When the top leaders of General Motors and the United Auto Workers finally sat down at the bargaining table this week to renegotiate the current autoworkers' contract, they were making American labor history. Imagine! The two sides now now agree that in return for a lowering of wages and benefits on the part of both union and management there will be a commensurate lowering of GM's sticker prices on new cars. In other words, a direct pass-through of savings to consumers.
The agreement, still to be worked out in detail, represents a burst of pragmatism in an industry that for too many years had lost touch with real circumstances. Domestic car sales have plummeted. Yet, despite a recession, sticker prices on the types of new cars sought by American consumers are invariably $10,000 and above.
Granted, the industry's problems have hardly been one-sided. Labor over the recent decade pushed for glittering wage and benefit packages. That led to the current price advantage for Japanese cars of roughly $1,500, since Japanese wage levels are lower. US manufacturers, for their part, have created a huge management-level force, quite unlike the leaner-structured Japanese firms.
What may be perplexing about the current contract renegotiations is why it has taken the parties so long to conclude that wages and prices have gotten out of kilter. The guiding rule on production costs and prices was spelled out long-ago out by the doyen of the US auto industry, Henry Ford: ''Our policy is to reduce the price, extend the operations, and improve the article. You will notice that the reduction of price comes first. We have never considered any costs as fixed. Therefore, we first reduce the price to a point where we believe more sales will result.''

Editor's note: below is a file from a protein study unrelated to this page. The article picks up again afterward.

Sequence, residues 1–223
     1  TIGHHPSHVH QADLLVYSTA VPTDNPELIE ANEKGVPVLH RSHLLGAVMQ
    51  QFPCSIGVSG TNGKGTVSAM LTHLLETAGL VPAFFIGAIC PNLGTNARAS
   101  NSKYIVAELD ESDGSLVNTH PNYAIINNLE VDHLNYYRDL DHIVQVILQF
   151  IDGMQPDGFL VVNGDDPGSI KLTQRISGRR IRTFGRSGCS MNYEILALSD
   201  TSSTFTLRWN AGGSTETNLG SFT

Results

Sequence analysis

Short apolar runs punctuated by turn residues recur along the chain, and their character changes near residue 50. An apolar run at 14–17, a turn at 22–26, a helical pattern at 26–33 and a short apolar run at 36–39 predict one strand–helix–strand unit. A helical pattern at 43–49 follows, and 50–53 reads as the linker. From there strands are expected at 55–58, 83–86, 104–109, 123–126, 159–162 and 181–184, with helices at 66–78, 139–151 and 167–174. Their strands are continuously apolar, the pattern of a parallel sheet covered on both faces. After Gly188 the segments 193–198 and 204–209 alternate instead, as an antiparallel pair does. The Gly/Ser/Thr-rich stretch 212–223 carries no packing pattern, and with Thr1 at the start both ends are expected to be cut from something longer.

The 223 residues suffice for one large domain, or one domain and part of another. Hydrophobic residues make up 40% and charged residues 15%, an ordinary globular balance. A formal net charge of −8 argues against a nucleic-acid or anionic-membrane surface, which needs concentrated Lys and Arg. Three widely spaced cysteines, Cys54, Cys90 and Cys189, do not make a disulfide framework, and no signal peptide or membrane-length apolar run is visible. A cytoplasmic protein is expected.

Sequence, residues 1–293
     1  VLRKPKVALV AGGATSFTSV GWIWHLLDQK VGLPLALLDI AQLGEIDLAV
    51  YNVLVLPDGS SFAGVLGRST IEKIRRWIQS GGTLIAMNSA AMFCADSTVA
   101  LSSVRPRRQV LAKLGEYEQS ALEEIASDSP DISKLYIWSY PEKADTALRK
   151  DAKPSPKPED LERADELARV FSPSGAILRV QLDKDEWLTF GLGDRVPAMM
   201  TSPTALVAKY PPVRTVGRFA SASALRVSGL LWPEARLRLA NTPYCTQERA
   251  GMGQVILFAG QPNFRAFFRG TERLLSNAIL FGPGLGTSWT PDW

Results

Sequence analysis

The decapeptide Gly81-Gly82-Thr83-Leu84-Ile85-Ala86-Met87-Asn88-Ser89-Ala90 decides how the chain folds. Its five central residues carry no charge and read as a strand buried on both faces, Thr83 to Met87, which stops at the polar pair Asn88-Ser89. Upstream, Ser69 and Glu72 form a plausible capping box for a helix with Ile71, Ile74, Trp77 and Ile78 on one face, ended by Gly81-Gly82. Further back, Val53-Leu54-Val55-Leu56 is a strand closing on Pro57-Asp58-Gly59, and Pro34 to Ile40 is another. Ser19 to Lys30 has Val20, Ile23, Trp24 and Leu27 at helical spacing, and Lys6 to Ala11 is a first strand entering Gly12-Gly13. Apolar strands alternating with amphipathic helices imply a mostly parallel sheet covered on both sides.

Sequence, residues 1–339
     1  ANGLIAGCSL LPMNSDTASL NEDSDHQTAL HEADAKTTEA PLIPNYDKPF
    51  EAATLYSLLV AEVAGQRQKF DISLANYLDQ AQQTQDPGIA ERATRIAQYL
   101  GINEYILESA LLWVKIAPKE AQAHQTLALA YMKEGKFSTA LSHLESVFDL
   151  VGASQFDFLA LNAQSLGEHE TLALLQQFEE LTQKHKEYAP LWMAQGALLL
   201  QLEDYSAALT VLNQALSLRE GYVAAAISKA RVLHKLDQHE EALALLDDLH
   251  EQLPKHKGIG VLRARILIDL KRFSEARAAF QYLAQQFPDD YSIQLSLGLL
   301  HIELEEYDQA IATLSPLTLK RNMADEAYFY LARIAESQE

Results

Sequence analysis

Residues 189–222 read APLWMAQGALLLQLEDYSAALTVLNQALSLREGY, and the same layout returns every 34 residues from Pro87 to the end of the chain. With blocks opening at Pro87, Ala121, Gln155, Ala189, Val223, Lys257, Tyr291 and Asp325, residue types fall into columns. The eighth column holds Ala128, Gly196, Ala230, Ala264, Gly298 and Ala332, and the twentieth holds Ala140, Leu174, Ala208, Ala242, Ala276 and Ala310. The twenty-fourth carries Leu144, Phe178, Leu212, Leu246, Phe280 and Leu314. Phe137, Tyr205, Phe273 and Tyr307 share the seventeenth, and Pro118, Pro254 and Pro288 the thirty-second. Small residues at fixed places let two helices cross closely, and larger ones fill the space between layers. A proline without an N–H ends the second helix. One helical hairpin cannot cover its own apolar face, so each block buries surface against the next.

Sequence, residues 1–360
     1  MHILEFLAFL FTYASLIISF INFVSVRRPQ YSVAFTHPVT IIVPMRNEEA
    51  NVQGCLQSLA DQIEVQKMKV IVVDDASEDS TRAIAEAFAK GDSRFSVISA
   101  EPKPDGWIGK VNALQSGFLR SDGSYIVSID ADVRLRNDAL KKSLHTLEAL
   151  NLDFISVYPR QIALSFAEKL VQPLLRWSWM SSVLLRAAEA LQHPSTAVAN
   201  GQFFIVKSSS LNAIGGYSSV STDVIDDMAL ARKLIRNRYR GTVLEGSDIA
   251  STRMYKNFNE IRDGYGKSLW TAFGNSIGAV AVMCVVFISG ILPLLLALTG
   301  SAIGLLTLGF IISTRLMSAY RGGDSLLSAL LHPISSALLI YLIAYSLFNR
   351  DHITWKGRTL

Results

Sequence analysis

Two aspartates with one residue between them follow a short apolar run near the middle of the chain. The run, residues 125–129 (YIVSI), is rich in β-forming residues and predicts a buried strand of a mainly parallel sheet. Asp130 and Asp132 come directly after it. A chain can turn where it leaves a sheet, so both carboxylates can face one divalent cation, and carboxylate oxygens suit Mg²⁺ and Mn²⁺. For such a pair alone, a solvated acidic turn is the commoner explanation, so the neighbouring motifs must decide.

Those were hardly mere words at Ford Motors back in the early years of the industry. Take the 1920 recession. In June of that year, Ford sales began dropping. So what did Henry Ford do? He slashed the price of his basic touring car a hefty 20 percent from $575 to $440 -- ''far below the cost of production, '' as he later noted. His firm survived.
The success of the US industry's early years, when price was crucial, must not be overlooked. It is imperative that all parties involved work out as extensive a rollback on prices as possible. A symbolic cut, of say $100, will not be enough, as evidenced by current rebates, which are far more generous. Since hourly wages now account for only about $12 of the $20 an hour in benefits and compensation that GM now pays workers, there should be latitude for concessions. GM's executive and management staff should hold to its promise to make proportionate sacrifices.
What about profits and dividends? GM's dividend was slashed from $1.15 to 60 cents in 1980. Labor negotiators will be tempted to ask for more cuts. But the industry will have to exercise caution. It would make little sense to so reduce the dividend as to drive shareholders into selling their stock.
The auto renegotiations represent a historic turning point that should be emulated by GM's domestic competitors. The talks show that there is yet plenty of spark -- and responsibility -- in the US car industry. That speaks well for Detroit's future.